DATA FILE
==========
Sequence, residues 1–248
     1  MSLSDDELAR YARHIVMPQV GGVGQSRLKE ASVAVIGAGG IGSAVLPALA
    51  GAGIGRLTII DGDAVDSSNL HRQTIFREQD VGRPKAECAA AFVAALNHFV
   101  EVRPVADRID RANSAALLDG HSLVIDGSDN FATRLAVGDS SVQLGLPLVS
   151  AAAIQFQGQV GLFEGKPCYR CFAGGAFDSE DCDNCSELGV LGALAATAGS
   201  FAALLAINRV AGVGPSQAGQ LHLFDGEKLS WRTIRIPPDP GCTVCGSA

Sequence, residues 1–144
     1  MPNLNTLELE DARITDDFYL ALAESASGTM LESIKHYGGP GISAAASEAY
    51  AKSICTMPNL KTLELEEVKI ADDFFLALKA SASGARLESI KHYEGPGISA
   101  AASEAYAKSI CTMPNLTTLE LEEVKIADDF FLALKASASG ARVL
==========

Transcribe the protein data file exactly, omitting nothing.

Sequence, residues 1–248
     1  MSLSDDELAR YARHIVMPQV GGVGQSRLKE ASVAVIGAGG IGSAVLPALA
    51  GAGIGRLTII DGDAVDSSNL HRQTIFREQD VGRPKAECAA AFVAALNHFV
   101  EVRPVADRID RANSAALLDG HSLVIDGSDN FATRLAVGDS SVQLGLPLVS
   151  AAAIQFQGQV GLFEGKPCYR CFAGGAFDSE DCDNCSELGV LGALAATAGS
   201  FAALLAINRV AGVGPSQAGQ LHLFDGEKLS WRTIRIPPDP GCTVCGSA

Sequence, residues 1–144
     1  MPNLNTLELE DARITDDFYL ALAESASGTM LESIKHYGGP GISAAASEAY
    51  AKSICTMPNL KTLELEEVKI ADDFFLALKA SASGARLESI KHYEGPGISA
   101  AASEAYAKSI CTMPNLTTLE LEEVKIADDF FLALKASASG ARVL